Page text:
Effects of 5-HT1A Receptor Agonism on Repetitive Grooming and Learning Behavior in Shank3B Mice
thesisposted on 27.07.2018, 00:00 by Jeffrey T Dunn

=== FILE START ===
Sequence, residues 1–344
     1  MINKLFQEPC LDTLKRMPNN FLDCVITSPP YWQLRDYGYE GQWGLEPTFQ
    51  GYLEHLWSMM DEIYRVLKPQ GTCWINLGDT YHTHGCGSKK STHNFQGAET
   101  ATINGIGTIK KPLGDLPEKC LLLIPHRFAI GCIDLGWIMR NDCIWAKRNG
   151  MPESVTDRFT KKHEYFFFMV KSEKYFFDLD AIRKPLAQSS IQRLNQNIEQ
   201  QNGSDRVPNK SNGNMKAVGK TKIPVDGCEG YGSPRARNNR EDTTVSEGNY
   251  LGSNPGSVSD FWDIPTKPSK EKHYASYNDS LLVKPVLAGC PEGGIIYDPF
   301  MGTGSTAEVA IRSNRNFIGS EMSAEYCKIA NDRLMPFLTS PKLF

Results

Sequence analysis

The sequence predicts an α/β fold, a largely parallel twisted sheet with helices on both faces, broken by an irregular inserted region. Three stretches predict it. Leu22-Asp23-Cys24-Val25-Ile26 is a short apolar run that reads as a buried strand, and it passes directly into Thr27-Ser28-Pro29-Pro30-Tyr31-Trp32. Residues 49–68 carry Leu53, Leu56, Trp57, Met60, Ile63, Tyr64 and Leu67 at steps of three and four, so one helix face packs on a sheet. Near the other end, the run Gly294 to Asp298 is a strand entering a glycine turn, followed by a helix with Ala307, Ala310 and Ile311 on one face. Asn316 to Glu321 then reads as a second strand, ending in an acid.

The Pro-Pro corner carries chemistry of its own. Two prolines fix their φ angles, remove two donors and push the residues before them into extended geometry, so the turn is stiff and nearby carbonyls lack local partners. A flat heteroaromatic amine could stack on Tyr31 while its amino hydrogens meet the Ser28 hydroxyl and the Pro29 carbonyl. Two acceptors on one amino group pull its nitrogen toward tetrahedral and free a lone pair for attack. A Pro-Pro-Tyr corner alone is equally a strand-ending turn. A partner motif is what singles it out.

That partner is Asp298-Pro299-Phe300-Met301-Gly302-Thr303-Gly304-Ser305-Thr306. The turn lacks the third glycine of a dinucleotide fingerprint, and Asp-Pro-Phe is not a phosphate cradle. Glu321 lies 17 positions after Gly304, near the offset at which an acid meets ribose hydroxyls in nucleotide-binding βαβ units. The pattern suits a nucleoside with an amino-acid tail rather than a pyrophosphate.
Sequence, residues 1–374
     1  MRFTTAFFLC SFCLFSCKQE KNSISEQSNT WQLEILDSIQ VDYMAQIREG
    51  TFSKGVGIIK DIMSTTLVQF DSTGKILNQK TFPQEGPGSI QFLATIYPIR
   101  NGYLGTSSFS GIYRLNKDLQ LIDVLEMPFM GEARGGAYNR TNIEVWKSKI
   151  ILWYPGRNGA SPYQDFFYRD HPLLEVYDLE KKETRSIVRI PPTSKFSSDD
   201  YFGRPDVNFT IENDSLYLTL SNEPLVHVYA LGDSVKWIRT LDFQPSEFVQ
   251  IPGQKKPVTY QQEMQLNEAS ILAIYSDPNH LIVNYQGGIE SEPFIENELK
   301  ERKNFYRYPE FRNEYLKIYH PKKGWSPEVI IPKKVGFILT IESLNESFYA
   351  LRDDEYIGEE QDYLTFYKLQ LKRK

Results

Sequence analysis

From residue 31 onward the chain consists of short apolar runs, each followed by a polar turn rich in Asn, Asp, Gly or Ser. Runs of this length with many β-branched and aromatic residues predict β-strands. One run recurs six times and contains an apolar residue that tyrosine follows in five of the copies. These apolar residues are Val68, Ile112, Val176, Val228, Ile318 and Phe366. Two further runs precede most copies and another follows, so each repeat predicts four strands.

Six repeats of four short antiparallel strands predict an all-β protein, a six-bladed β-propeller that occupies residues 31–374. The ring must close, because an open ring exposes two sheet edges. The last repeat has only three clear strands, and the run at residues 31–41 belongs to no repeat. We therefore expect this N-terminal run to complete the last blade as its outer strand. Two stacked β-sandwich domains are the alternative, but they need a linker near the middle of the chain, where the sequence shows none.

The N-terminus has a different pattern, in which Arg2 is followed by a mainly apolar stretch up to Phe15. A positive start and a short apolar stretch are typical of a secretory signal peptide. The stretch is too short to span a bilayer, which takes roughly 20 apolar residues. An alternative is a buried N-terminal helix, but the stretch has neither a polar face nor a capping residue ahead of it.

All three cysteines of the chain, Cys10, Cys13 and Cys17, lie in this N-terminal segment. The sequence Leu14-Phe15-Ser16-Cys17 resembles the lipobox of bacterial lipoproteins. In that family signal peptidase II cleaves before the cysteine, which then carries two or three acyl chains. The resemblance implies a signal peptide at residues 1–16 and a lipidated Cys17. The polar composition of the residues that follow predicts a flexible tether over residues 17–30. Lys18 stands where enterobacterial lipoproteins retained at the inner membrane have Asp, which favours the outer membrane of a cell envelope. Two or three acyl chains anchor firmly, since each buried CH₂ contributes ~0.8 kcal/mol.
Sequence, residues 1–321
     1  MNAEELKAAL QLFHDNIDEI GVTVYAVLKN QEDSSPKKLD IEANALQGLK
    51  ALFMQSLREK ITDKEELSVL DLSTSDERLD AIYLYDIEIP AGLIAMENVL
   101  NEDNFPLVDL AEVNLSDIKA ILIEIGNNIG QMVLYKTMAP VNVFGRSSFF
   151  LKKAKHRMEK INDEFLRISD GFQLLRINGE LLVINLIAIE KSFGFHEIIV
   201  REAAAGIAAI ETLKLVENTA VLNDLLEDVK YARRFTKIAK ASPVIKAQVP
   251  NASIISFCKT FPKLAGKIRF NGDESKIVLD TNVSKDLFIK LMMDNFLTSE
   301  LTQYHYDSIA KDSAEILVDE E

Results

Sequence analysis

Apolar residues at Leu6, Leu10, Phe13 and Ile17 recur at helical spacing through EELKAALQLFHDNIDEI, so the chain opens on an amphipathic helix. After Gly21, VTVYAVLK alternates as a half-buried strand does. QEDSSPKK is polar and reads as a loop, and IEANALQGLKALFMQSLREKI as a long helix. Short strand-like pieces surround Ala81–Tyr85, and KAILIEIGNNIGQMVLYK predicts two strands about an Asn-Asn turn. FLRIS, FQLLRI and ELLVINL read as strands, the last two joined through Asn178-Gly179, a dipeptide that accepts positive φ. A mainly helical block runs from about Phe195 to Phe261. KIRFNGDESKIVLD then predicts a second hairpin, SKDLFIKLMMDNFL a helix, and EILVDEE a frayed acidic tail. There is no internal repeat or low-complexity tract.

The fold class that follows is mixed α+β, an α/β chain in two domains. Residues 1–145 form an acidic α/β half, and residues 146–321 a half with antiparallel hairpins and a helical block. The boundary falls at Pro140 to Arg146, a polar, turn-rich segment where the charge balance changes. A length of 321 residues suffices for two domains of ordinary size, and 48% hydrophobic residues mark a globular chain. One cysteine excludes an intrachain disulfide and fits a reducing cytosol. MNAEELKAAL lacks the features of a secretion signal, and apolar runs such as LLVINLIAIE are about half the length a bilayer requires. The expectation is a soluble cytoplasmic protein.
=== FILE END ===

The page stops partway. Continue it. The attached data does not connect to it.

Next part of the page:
Restricted interests and repetitive behaviors (RRBs) represent a core diagnostic category of autism spectrum disorder (ASD). RRBs encompass a range of behaviors from motor stereotypy to cognitive rigidity. Several cases of ASD have been linked to deletion or mutation in the SHANK3 gene. Haploinsufficiency of the SHANK3 gene contributes to Phelan-McDermid syndrome (PMS), a neurodevelopmental disorder which often presents an ASD behavioral phenotype and moderate to severe intellectual disability. Deletion of the SHANK3 gene in mice results in elevated excitation of cortical pyramidal neurons that alters output to other cortical and subcortical areas. Serotonin 1A receptors (5-HT1ARs) are highly expressed on layer 2 cortical neurons and are known to have inhibitory actions. Treatment with a 5-HT1AR agonist in PMS may restore excitatory and inhibitory balance to cortico-basal ganglia-thalamo-cortical circuits that alleviate RRBs and learning deficits. To begin exploring this possibility, the present experiments determined whether acute treatment with the partial 5-HT1AR agonist, tandospirone in Shank3B+/- mice attenuated elevated self-grooming and a probabilistic learning deficit. Systemic treatment with tandospirone, 0.01 and 0.06 mg/kg doses, attenuated elevated self-grooming behavior in Shank3B+/- mice without affecting locomotor and rearing behavior. Tandospirone, at 0.06 mg/kg, alleviated a learning impairment in Shank3B+/- mice on a spatial discrimination task using 80/20 probabilistic reinforcement. Together, these results indicate the potential for tandospirone as a treatment for behavioral symptoms characteristic of PMS and ASD.